Last Updated Mar 16, 2010 9:38 AM EDT
Electronic Stability Control. This system uses anti-lock brakes to control spins and slides that can start rollover accidents. The Insurance Institute for Highway Safety estimates that electronic stability control (or ESC) cuts fatal single-car crashes by 51%. "ESC is the most important safety feature most drivers have never heard of," says Institute spokesman Russ Rader. Beginning with 2012 models, all new cars will be required to have stability control as standard equipment. On 2010 models, 88% do. But for 2007, the percentage was just 56%. So if you're looking for a used car, check an auto information site like Kelley Blue Book to see which models come with stability control.
Side air bags. These air bags protect heads and chests against side-impact crashes, which cause one-third of traffic deaths. They're now standard on 77% of new cars, but were standard on just 48% of 2007 models. If side air bags are optional on a new car you want, (they cost $490 on the 2010 Jeep Wrangler, for instance), get them.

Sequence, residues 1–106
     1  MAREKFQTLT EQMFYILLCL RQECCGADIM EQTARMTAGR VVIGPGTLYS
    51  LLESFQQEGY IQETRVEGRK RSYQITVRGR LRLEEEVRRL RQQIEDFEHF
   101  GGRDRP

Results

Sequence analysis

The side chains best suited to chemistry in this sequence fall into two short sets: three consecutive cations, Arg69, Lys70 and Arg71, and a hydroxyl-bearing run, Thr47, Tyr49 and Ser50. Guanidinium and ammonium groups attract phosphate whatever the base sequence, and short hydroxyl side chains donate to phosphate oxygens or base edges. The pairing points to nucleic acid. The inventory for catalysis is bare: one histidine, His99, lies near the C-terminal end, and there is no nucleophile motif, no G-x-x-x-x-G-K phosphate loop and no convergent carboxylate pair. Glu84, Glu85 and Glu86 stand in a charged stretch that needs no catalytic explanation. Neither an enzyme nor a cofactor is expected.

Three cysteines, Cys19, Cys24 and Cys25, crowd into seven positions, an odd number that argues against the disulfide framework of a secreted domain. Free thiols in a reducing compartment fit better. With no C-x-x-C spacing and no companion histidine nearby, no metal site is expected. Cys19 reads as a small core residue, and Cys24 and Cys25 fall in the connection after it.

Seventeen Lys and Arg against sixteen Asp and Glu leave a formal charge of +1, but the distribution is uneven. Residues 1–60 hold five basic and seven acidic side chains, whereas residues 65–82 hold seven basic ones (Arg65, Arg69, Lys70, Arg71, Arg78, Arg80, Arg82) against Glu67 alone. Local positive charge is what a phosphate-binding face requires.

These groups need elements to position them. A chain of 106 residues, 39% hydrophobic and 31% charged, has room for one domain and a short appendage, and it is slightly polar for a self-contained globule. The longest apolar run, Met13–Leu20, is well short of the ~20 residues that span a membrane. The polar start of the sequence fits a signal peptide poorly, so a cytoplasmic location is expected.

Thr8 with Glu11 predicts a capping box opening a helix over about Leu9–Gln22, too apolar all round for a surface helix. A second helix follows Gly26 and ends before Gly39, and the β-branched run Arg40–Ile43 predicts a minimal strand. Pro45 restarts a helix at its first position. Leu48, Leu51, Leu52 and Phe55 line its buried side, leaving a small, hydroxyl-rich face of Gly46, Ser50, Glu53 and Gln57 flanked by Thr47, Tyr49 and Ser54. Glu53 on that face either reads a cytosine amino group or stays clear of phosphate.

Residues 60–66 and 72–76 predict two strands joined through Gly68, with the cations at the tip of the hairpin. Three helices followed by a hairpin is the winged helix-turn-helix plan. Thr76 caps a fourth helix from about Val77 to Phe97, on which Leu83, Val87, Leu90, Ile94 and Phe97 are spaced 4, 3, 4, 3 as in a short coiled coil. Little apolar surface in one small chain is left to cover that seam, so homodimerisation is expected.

Rear view camera. Offered especially on SUVs and pickups, a rear view camera shows the driver what's directly behind the vehicle. It helps avoid backover accidents, where small children most often are the victims. The camera typically comes as part of an expensive option package, but not always. For instance, on the SUV Toyota 4Runner, the backup camera option is $525. If you have small children, or your neighbors do, you really should consider getting this safety feature.
And keep an eye out for three new safety technologies starting to come on the market:
Lane-departure warnings that buzz or vibrate if you're drifting out of your lane
Adaptive cruise control, available on some Mercedes-Benz models, which judges how close you are to the car ahead and adjusts the brakes and throttle to keep a safe distance.
Night vision, available on BMW 5-series and 7-series and Audi A8 helps spot deer or pedestrians on dark, curving country roads.
Though now just in luxury brands, these devices--like past safety advances--likely will spread to lower-cost cars in coming years.